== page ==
Jane Brody's Personal Health column today discusses a model nursing home in Florida. I want to draw your attention to the second half of the article, which highlights the book, Taking Charge: Good Medical Care for the Elderly and How to Get It.
Some of the book's major messages about caregivers (family and friends who help care for a patient) fit perfectly with Healthy Survivorship:
• Family caregivers don't need medical training to be effective members of the caregiving team.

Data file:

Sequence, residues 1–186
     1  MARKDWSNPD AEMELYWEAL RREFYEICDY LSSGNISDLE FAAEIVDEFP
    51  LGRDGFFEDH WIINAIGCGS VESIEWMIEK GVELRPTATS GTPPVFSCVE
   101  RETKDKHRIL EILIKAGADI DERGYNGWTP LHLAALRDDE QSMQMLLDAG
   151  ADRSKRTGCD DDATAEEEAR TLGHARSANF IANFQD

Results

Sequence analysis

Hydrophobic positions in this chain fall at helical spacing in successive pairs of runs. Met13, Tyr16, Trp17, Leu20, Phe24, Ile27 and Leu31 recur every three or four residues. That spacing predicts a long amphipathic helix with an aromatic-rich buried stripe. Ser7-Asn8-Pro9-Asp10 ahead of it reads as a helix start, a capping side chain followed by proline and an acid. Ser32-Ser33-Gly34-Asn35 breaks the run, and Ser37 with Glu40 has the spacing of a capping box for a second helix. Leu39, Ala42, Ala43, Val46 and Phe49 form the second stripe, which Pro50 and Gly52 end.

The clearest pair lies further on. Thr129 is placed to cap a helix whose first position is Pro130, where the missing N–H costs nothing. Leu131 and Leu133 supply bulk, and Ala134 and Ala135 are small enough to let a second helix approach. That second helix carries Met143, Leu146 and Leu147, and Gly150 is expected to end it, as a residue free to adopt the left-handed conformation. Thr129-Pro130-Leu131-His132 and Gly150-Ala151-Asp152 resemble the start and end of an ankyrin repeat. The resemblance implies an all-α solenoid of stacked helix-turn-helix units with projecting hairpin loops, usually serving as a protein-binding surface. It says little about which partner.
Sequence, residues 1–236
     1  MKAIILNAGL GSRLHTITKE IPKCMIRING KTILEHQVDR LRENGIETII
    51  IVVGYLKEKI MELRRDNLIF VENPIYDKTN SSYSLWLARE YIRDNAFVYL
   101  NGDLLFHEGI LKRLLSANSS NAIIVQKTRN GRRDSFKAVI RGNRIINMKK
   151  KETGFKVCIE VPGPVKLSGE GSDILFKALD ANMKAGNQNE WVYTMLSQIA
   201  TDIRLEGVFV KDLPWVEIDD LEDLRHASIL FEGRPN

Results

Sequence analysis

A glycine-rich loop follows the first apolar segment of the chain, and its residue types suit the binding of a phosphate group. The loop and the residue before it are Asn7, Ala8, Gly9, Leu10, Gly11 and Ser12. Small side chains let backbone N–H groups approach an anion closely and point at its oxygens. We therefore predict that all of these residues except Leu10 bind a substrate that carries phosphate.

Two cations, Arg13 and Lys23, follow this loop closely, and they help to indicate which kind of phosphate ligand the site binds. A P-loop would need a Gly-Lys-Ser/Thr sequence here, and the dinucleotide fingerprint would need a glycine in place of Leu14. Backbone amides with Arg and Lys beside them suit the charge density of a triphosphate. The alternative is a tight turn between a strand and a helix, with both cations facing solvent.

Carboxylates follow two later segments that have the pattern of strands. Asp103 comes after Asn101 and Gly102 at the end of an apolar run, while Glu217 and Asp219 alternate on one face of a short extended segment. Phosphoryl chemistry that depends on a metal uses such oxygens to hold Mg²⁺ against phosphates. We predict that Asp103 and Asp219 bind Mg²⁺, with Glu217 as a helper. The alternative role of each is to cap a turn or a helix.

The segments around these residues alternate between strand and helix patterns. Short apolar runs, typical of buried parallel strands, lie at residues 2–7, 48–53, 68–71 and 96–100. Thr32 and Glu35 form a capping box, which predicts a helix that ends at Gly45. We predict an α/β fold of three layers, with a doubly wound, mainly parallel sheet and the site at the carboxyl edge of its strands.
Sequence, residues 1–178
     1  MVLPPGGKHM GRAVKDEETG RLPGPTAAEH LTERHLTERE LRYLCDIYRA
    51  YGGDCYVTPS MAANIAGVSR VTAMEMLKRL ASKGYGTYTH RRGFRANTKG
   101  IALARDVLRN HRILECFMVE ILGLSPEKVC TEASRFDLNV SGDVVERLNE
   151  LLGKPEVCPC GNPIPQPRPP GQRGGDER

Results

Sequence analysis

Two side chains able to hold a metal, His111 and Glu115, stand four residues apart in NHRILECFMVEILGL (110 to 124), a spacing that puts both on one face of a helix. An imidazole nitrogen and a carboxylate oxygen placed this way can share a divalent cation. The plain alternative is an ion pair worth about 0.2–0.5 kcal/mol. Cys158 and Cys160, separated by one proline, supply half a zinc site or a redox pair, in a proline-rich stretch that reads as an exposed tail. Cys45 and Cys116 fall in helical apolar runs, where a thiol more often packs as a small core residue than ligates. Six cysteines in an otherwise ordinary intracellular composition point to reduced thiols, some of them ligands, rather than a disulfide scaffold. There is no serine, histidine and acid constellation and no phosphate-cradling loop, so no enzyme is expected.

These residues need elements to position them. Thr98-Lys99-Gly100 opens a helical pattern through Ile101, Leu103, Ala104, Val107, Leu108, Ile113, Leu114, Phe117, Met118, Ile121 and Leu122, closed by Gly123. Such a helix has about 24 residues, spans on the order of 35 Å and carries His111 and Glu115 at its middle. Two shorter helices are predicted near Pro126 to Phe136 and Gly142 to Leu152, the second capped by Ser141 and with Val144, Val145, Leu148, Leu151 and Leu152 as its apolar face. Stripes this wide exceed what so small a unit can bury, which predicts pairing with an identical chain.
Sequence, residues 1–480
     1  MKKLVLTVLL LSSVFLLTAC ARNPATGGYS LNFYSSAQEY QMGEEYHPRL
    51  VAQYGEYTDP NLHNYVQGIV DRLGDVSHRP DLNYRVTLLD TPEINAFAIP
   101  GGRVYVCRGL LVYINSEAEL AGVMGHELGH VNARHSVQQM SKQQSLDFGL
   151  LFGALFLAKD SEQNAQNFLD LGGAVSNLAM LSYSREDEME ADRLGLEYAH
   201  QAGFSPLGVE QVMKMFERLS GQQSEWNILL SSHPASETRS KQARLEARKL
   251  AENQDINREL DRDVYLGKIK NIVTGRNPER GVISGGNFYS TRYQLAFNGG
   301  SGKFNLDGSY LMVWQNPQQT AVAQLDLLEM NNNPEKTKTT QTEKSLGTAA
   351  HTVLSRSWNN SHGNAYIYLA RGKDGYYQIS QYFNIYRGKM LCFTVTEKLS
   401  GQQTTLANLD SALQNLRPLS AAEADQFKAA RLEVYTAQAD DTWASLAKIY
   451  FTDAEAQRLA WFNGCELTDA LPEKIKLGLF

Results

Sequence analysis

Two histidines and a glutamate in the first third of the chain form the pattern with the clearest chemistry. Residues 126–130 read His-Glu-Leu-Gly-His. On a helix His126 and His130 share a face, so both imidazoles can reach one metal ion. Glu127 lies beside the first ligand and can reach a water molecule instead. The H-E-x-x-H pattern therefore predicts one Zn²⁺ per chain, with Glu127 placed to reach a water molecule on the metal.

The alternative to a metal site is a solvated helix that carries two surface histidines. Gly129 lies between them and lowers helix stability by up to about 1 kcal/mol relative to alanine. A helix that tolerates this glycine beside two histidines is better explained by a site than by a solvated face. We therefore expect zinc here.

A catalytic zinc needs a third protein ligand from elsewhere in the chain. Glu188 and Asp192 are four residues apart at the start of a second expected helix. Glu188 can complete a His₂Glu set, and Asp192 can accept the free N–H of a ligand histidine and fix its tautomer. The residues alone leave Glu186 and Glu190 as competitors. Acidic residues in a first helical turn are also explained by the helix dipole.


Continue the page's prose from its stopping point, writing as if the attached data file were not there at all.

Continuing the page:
• Family caregivers are able to detect subtle changes in the status of their loved ones and should advocate for an accurate diagnosis and proper treatment.
• Family caregivers are in a good position to work with medical caregivers to prevent complications.
• Family caregivers can protect their loved ones and themselves by utilizing clearly written, legal documents that will make their decisions about end-of-life care enforceable.
Says Hannah, "I want [readers] to know that you don't need a medical degree to be effective. The caregiver spends more time with their loved one than anyone."